DATE OF JUDGMENT: 30/03/1953
BENCH: Justice Mukherjea, Justice B. K. Bhagwati, Justice Natwarlal H. Sastri, Justice M. Patanjali Bose, Justice Vivian Hasan, Justice Ghulam
CITATION: 1953 AIR 274 1953 SCR 677
Interpretation of statutes basically means that a statue can be interpreted in a way that it delivers justice to the parties. Legislators make different laws and are amended from time to time for having greater proficient, but laws cannot be made for each and every situation since it would be just amassing up things superfluously. The statute is nothing but a document which helps and guides the citizens what to do and what not to do. H.L.A Hart theoretically explained it that for every situation, the law cannot be made and has to interpret the current things.
This is a plea against the order passed by the Division Bench of Madras High Court, against a criminal plea, which sentenced the plaintiff under Section 15 of the Madras General Sales Tax Act. The petitioner was ordered to pay a fine of Rs. 1000/- and an imprisonment of 3 months. The plaintiff, Poppatlal Shah, was a partner in a company called the Indo Malayan Trading Company. The company was centered in Madras and had its head office there only. The business that the company held was the sale and buying of oil, sago, and Kirana (confectionary) items.
The disagreement arose regarding the non-payment of taxes in Madras under the Madras Sales Tax Act. The suit introduced against him. In the development of his business, he used to pay sales tax in Calcutta. His business dealt with the sale of goods and delivery was done in other states. The business was piloted in such a way that the firm at their Madras head office used to get orders from dealers in Calcutta. Hence, the orders were dispatched to Calcutta by railway and steamers. All the financial deal was done in Calcutta during the time of delivery of orders to the agents. He was later found guilty, and sentencing was pronounced.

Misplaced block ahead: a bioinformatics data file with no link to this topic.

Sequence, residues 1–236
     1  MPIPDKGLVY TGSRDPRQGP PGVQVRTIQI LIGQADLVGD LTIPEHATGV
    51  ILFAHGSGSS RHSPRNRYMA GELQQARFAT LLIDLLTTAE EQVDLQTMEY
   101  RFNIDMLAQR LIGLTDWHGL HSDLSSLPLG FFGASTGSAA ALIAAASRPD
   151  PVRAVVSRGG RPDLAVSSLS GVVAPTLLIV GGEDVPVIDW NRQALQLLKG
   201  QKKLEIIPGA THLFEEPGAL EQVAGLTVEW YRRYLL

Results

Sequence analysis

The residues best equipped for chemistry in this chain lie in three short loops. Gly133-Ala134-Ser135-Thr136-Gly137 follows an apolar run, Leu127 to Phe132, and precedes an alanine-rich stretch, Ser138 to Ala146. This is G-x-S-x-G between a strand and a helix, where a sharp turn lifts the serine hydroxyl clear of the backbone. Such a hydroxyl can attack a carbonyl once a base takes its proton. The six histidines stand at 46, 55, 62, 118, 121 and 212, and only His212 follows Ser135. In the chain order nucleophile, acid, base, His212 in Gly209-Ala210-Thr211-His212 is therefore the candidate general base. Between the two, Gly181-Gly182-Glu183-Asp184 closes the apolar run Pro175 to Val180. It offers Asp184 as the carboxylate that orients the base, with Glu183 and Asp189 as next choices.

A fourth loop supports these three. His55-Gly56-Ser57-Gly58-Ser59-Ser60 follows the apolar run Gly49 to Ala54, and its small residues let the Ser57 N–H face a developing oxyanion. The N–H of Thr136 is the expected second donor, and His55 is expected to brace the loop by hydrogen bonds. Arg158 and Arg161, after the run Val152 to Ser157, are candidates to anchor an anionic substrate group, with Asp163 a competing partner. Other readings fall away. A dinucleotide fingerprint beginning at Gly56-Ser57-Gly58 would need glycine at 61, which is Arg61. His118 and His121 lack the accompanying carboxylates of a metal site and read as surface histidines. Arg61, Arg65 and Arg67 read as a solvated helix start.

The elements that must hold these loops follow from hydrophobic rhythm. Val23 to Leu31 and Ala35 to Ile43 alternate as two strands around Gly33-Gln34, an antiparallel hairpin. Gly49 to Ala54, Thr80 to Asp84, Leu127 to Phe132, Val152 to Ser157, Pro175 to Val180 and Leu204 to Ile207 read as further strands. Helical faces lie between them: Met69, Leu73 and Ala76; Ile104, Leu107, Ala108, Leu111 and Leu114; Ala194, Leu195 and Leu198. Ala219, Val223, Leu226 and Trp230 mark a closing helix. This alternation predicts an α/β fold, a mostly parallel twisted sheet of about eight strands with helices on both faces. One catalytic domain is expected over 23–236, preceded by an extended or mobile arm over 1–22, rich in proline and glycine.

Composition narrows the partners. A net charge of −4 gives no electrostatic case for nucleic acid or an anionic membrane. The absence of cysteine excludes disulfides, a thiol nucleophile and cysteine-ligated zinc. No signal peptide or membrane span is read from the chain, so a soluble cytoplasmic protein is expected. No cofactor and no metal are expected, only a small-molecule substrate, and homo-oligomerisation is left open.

LEGISLATION IN ISSUE
The rules and presumptions used in the interpretation are:
The plaintiff argued that they were responsible to pay taxes in Calcutta as the delivery of goods took place there and just the orders were received in Calcutta only. The State argued that the true test is to look where sales took place and not where the goods are to be delivered. Also, the state argued that they used to maintain all the registers in Madras, and henceforth they are liable to pay taxes in Madras only. High Court agreed with the arguments of the state and hence the appeal before the Supreme Court.
Supreme Court took note of the arguments raised by the plaintiff that we need to have a proper interpretation and construction of the legislature and while interpreting the whole statute, it is clear that the act doesn't approve to levy a tax upon the sale where goods are delivered outside the state/province.
The court had given its best effort in order to provide justice. The rule of harmonious construction, the statute must be read as a whole, supported the interpretation of the Madras Sales Tax Act to understand the actual use of the statute. By applying the rule of harmonious construction, the meaning of the phrase ‘Sale’ has been interpreted correctly and contented the criteria that one Section of the Statute must not overthrow the purpose of other sections in the Statute.
Here, the phrase ‘sale’ under the Madras Sales Tax Act was duly coordinated with a sale under the Sale of Goods Act so as to exploit the possible meaning. In addition to this, the court could also have used the Theory of Textualism in interpreting the word ‘Statute’ with the rule of Harmonious Construction, as textualism means focusing on a word rather than any purpose of a statute, and the word ‘sale’ under the Sale of Goods Act was interpreted by the general meaning which stated that the transfer of ownership means the sale as complete.